Minneapolis is studying whether a 15-square-block area immediately east of Lake Harriet merits designation as a historic district.
The Heritage Preservation Commission (HPC) directed city planners on July 30 to conduct the study as part of a motion denying a Lynnhurst couple’s request to raze a 111-year-old house in the area. Their motion gave the area temporary status as a historic district.
A permanent historic designation would mean the area’s 218 homeowners would need HPC approval before adding onto or demolishing their houses or making any significant exterior changes.
It would not stop them from making changes, Ward 13 City Council Member Linea Palmisano wrote in a letter to area homeowners, but it would require that alterations be “compatible with surrounding properties.” The designation does not generally cover interior changes.
Historic districts are areas with a concentration of buildings unified by past events or architecturally significant design, according to the State Historic Preservation Office. Minnesota law gives local heritage preservation committees the authority to establish them.
The law doesn’t require homeowners in historic districts to fix up their properties, according to the Historic Preservation Office. Some cities have ordinances to prevent homeowners from deliberately letting a building deteriorate.
Minneapolis has 18 historic districts, including four in Southwest Minneapolis, and has identified 51 areas as potential historic districts, according to John Freude, a Palmisano policy aide. Potential Southwest districts include the areas surrounding Minnehaha Parkway, Lake of the Isles and a significant portion of Tangletown, among others.
The Lake Harriet area was identified as a potential district in 2005. It’s bordered by 42nd Street to the north, 48th Street to the south, Dupont Avenue to the east and Lake Harriet to the west.
A 2005 report from Mead & Hunt, a Bloomington consulting firm, said members of nine prominent families, including Maude Armatage, developed a small part of the area in 1893. Subsequent development attracted wealthy Minneapolis citizens, including bankers and city officials.
City staffers reported in July that the area appears to retain “good integrity” as a collection of late 19th- and early 20th-century homes. They said the Lynnhurst couple’s home, located on the 4600 block of Emerson Avenue, contributes to the potential district’s integrity.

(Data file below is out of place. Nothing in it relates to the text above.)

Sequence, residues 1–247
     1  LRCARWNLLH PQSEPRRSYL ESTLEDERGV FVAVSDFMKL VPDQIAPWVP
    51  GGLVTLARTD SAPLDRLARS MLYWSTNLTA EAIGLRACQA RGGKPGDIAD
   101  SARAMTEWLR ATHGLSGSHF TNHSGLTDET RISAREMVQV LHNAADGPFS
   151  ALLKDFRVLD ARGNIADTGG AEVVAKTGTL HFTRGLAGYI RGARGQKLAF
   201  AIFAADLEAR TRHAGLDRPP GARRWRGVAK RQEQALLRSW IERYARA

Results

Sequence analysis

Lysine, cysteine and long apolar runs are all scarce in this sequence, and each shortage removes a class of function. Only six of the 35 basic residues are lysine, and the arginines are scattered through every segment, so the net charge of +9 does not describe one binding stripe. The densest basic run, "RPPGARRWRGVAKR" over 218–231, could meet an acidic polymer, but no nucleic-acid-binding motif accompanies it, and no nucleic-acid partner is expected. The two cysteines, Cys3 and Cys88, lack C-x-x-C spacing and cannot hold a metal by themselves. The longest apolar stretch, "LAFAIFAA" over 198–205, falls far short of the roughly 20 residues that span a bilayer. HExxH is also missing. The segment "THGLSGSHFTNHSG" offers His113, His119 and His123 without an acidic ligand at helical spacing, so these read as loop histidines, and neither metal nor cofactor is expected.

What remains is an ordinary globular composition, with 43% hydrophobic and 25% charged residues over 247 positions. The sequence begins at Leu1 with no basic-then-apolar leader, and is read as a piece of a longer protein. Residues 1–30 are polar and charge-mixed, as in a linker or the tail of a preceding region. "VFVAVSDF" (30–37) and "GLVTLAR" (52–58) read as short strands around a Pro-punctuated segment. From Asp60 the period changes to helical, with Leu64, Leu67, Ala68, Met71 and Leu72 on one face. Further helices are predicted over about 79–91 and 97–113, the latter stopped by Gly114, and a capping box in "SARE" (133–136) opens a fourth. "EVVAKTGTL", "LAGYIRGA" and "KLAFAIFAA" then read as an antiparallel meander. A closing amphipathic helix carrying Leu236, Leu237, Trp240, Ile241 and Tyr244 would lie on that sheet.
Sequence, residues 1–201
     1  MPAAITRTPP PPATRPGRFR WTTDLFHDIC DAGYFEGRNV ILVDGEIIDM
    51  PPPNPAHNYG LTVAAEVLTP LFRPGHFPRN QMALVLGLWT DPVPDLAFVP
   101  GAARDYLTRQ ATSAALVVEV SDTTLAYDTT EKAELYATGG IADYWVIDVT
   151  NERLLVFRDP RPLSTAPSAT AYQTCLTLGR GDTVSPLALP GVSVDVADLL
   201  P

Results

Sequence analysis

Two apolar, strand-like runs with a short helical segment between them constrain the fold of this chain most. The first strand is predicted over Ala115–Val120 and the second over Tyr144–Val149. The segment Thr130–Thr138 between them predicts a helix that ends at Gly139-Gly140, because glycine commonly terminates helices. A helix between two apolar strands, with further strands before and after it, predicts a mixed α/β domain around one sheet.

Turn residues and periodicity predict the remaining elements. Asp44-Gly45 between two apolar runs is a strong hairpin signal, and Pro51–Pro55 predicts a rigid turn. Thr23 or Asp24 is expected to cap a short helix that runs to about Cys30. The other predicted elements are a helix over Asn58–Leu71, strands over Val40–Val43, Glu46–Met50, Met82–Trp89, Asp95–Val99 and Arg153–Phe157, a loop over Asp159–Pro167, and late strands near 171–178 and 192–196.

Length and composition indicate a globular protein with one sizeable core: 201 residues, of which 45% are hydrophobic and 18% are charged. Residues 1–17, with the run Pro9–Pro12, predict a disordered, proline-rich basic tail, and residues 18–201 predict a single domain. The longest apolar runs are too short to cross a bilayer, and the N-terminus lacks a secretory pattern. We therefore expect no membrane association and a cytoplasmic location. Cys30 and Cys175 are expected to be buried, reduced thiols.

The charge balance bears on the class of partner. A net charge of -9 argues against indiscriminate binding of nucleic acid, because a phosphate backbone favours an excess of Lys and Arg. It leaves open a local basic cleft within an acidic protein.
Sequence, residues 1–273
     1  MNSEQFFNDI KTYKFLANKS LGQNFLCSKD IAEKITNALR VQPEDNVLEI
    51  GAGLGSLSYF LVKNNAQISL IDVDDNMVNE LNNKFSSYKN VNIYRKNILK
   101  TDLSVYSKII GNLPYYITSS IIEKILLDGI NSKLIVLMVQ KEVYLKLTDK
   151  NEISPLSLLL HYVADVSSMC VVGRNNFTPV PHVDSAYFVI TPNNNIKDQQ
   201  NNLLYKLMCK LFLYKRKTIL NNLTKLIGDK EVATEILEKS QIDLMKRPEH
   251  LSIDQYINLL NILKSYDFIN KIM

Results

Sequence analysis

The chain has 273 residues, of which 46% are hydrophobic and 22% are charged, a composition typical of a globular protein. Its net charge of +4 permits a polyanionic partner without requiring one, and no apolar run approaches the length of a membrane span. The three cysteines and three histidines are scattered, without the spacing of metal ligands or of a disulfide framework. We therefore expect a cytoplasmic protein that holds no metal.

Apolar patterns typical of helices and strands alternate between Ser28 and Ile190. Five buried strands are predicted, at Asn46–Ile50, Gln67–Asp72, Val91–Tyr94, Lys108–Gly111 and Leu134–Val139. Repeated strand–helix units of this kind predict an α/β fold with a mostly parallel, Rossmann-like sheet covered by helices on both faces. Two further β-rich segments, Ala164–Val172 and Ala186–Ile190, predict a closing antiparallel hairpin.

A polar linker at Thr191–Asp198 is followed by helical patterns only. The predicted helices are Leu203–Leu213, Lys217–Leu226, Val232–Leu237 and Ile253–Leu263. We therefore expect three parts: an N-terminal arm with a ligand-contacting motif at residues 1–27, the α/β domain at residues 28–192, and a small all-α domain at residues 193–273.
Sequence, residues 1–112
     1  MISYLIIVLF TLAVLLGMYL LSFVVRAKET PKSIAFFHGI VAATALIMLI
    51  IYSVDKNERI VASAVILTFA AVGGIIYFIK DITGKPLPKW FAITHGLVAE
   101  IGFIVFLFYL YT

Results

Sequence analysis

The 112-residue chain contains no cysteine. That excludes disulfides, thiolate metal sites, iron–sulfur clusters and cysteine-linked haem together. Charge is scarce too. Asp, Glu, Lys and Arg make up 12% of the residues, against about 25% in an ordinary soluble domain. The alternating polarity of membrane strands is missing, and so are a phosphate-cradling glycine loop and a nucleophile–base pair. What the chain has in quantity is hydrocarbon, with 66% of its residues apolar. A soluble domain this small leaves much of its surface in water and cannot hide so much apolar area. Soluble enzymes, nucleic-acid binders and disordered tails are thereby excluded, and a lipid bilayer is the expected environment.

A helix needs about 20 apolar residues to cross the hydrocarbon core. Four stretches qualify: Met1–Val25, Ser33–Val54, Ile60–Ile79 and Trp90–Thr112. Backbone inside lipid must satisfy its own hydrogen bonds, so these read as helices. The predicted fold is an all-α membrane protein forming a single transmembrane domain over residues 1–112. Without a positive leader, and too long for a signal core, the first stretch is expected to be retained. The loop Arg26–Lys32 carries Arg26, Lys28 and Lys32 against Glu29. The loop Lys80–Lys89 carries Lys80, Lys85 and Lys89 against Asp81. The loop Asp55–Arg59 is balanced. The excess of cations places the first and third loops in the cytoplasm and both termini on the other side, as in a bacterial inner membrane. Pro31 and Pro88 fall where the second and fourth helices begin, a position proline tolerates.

At the HPC meeting, the Lynnhurst couple said the existing house hasn’t been properly maintained, isn’t structurally sound and has a failing foundation. They said the cost of renovating and reengineering would “far exceed” the cost of new construction.
HPC members and city staffers disagreed with the homeowners on the severity of the existing issues. Senior City Planner Lindsey Silas said there are “reasonable alternatives to demolition, and HPC chair Ginny Lackovic, an architect and historic preservation specialist, said most of the issues presented were “issues of general maintenance.”
Multiple nearby residents spoke against the potential demolition and in favor of the study. One said tearing down a house means “tearing down the integrity of the entire neighborhood,” while another said the neighborhood has a “historical feel.”
Architect Mohamed Lawal, who lives next to Lake Harriet, spoke against the study, calling the potential historic designation “elitist.” He asked why other areas aren’t being considered as potential historic districts and said the requirements would limit how people can renovate their homes.
Preserve Minneapolis board member Richard Kronick, who reviewed the staff report, said he agreed with the HPC decision. He said he didn’t think the new house, as proposed, would have fit the existing neighborhood context.
The historic-designation study will take up to a year, according to Freude, who said historic districts often are smaller than study areas. Homes in any historic district will still be subject to Minneapolis 2040 and its zoning designations, he said.